5 Things You Can Do About a Bad Night’s Sleep

By Dr. Sanjay Gupta (edited)

Many people think of sleep as a luxury or a necessary evil — as downtime that interferes with their ability to get more things done in a day. The reality is that a good night’s sleep is vital to our physical and mental well-being.

“Sleep deprivation is a really common problem,” according to neurologist Michael Howell, MD, The American Academy of Sleep Medicine (AASM) recommends seven or more hours of sleep a night for healthy adults. Less than six hours of sleep is considered inadequate, and there is no statement as to how much sleep may be too much.

Inadequate sleep affects us in ways that may surprise you. “Sleeping less than seven hours per night on a regular basis is associated with adverse health outcomes, including weight gain and obesity, diabetes, hypertension, heart disease and stroke, depression, and increased risk of death,” according to the AASM and SRS.

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“We have found that people with diabetes who also have worse sleep quality have more difficulty controlling their blood sugar than people with diabetes who report sleeping well,” says Kristen Knutson, PhD, assistant professor in pulmonary and critical care at the University of Chicago. “Short sleep and poor sleep quality are associated with an increased risk of developing cardiovascular disease and high blood pressure.”

According to a new study published in the journal Sleep, shorter sleep duration is associated with increased susceptibility to the common cold. Researchers found that sleeping less than six hours more than quadrupled the likelihood of getting sick.

The AASM and SRS statement says that insufficient sleep “is also associated with impaired immune function, increased pain, impaired performance, increased errors, and greater risk of accidents.”

The National Institute of Neurological Disorders and Stroke lists memory problems, trouble making decisions, and difficultly controlling emotions among the effects of sleep deprivation.

If you think you may not be getting enough sleep, here are five things to consider:

  1. Make sleep a priority. “Too many people think sleep is for ‘slackers’ and that being sleep-deprived is a sign of a hard worker,” Dr. Knutson says. “That needs to change. Sleep should be considered one of the three pillars of a healthy lifestyle, along with diet and exercise.”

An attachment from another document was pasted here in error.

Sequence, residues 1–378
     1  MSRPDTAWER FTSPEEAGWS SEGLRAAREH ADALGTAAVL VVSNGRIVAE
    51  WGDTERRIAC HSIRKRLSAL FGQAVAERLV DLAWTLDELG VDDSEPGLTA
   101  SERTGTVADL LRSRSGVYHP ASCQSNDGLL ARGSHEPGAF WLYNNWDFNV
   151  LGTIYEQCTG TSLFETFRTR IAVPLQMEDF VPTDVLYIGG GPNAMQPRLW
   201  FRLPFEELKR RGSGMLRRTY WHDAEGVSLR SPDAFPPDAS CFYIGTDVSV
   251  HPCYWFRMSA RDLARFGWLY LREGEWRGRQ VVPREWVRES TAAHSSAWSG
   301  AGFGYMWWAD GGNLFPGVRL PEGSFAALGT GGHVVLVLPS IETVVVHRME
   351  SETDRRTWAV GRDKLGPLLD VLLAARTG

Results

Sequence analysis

2. Exercise early in the day. Research has shown that regular moderate to vigorousphysical activitycan provide a significant improvement in sleep quality. When you work out matters. The National Sleep Foundation suggests avoiding exercise right before bedtime, because a boost in body temperature can interfere with getting to sleep.
  3. Switch off electronics. “Turning off the TV and your phone is an easy and free way to instantly improve your quality of sleep,” Watson says. A November 2014 study in theProceedings of the National Academy of Sciences, for example, found that evening use of devices like e-readers suppresses levels of the sleep-inducing hormone melatonin.
  4. Sleep aids are not a permanent fix.According to the CDC, 4 percent of adults age 20 and older – some 8.5 million people – reported taking a prescription sleep aid within the month. “They’re a reasonable solution in the short term,” says Dr. Howell. “But the only chance to cure insomnia is with behavioral therapy.” Howell adds that if a person is on sleep medications for six months and stops taking them, insomnia will quickly return because the overall sleep behavior hasn’t changed.
  1. Know when to see a specialist. AsReena Mehra, MD, of the Cleveland Clinic’s Sleep Disorders Center points out, “there are different flavors of insomnia.” Some chronic sleep problems require medical intervention, especially if there is an underlying medical reason. If you snore at night and feel drowsy during the day, then you may be one of 18 million Americans who haveobstructive sleep apnea(OSA). OSA occurs when muscles in the back of the throat relax, which disrupts breathing. People with OSA are often unaware of the issue and think they’re sleeping straight through, so the person sharing their bed can play an important role in spotting the condition.

The bottom line: “Lack of sleep harms human health,” Watson says. “It’s associated with bad health outcomes, and affects our relationships with others. People need to view sleep as a performance-enhancing activity.

Post from: EveryDayHealth

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